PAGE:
Manufacturer: Honda………..TOP Model: CB750SC Nighthawk, CB750 Years Made: 1979-1985, 1991-2003 Present Style: Custom Sport Standard mix Engine Type:
Weight: 475lb HP: 75 Torque: 46 Top Speed: 120mph MPG: 45 New Cost: $ 7,999 (1992) – $9,990 (1996) – $9,990 (1999)
Average Used Costs: Low $2,605 Medium $3,303 High $3,920
This is the descendant of Honda’s famous in-line four superbike that changed motorcycling forever. It’s designed for everyone who wants performance, but also wants a do-it-all motorcycle. – Honda
MR says: 1991+: A lot of effort had been put in by the American Honda market research department to try to determine what type of machine the American public wanted to buy. The overall motorcycle market had been shrinking, and of the remaining sales, Honda’s share had been eaten away by the other manufacturers. The Nighthawk 750 was an attempt to re-kindle the kind of successes the motorcycle market had seen in the glory days of the 1970’s. Honda was prepared to lose money on the Nighthawk, and market the machine at an unbeatable price. Honda raided the parts bins to put the machine together, using the CBX750 engine and styling from the early to mid 80’s Nighthawks. It was meant to be somehow ‘familiar’ to motorcyclists from the late 60’s onwards. Price was to be sub $4000. Maintenance requirements were to be kept to a minimum. Power was to be broad band, with a very linear delivery. The design goals dictated by the focus groups were mostly achieved, but the press seemed to regard it as a bland piece of machinery, albeit at an unbeatable price. The public didn’t come back to motorcycling in the droves Honda expected, and the machine became just another machine in the lineup.
Power peaked at 62.6bhp@8500rpm, with torque of 40.5ft/lb’s@7000rpm. Wet weight was 499lb’s.
UMG Says: Retro style complemented by tough, minimal maintenance motor. Motor needs a cylinder head workover and single carb to really shine in this mild form, but runs fine up to 50k when valves a bit suspect. Silly rear disc, suspension competent; handling okay.
IGM Says: (1979-1985) If you’re looking for a good inline four-cylinder Japanese motorcycle, I highly recommend Honda’s original Nighthawk series. In fact, I (and many motorcyclists) prefer them to the newer 750 Nighthawks, simply because they have shaft drives, they are some of the best-handling motorcycles of their day. Some riders take issue with their 16-inch front wheels, which make these bikes seem a bit twitchy in some circumstances, although I’ve found that many novices prefer the maneuverability those same wheels provide.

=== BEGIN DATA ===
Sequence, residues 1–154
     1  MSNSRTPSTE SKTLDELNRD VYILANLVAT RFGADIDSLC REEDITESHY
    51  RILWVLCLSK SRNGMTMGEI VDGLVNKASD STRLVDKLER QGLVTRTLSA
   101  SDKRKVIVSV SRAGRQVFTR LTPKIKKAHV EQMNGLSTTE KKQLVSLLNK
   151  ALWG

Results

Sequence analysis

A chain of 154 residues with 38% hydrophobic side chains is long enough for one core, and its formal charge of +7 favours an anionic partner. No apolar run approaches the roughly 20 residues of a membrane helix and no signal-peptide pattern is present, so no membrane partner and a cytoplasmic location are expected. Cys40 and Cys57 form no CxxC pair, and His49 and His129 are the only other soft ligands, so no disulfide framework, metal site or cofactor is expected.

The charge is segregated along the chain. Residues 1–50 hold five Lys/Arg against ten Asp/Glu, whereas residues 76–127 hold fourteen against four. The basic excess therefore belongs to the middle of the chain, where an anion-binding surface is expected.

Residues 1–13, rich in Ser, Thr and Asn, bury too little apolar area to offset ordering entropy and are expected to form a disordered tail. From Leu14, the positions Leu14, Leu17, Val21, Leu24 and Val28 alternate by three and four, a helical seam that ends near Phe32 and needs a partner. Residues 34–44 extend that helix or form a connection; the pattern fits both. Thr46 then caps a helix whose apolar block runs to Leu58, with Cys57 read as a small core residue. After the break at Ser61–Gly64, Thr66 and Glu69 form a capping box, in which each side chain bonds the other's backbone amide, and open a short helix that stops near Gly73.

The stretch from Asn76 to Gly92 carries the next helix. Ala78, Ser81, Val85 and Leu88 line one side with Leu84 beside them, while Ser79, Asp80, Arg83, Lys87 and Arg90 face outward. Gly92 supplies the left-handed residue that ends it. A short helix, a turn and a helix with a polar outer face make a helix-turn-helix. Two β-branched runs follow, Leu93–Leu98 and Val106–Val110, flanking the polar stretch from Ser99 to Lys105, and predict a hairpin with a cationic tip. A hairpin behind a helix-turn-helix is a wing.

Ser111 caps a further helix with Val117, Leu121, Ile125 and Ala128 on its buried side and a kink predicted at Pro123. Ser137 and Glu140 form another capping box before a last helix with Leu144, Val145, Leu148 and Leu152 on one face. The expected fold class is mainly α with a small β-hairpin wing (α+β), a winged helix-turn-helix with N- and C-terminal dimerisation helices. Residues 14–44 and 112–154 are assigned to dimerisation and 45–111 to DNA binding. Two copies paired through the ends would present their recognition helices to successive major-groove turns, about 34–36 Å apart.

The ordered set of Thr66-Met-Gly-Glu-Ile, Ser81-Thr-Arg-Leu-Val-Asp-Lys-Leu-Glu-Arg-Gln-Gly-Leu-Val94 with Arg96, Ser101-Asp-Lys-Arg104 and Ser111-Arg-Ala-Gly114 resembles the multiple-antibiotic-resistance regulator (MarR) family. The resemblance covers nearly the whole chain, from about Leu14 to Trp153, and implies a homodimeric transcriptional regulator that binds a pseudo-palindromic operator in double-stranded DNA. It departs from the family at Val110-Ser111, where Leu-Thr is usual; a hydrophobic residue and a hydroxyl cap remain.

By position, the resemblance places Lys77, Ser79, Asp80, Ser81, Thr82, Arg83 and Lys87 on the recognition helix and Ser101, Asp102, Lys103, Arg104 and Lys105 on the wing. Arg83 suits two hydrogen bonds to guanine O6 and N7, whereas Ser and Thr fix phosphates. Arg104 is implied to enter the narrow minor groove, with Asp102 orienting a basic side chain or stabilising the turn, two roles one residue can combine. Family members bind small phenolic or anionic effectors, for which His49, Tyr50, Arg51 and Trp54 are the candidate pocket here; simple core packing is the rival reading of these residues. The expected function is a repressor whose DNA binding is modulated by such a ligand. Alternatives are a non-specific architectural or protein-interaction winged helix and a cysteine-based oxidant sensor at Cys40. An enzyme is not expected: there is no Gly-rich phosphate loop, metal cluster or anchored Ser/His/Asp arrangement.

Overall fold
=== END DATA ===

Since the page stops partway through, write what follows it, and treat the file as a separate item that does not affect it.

IGM Says (1991+): While the newer Nighthawk hasn’t won me over quite like the older version, it is still a fantastic all-around motorcycle, and a clean used example represents an even better value than a new one.
IGM Says (1991+) (Best Buy, Best First Bike): Even though this is a fairly large bike, it makes a great motorcycle for new riders. Its combination of balance, stability, and maneuverability makes it much easier to ride than most other 750cc bikes. And because it’s a 750, you can ride it an entire lifetime without outgrowing it. Combine its grace with its low price and easy maintenance, and this bike may be one of the best values in motorcycling.
CMB Says (1984-1986): Hawks made periodic debuts in the Honda line-up. These are great bikes. Honda introduced the CB700SC/CB750SC as an attempt to make the near perfect univeral machine. Do not be fooled. This is a bike designed for chicane (a series of turns). Features include a high concept engine layout tuned for top end performance and an easy to adjust suspension. Low maintenace shaft drive, hydraulic valves and oil-cooling reduce maintenance requirements. For a small bike, it is quite comfortable on long trips. The high 11,000 rpm redline gives you lots of top end speed. Honda dedicated a good deal of research into reducing the height of the engine. Oil is stored in the frame and the generator is located behind the cylinders to reduce engine width (as with the 82 Yamaha XJ650 Seca.)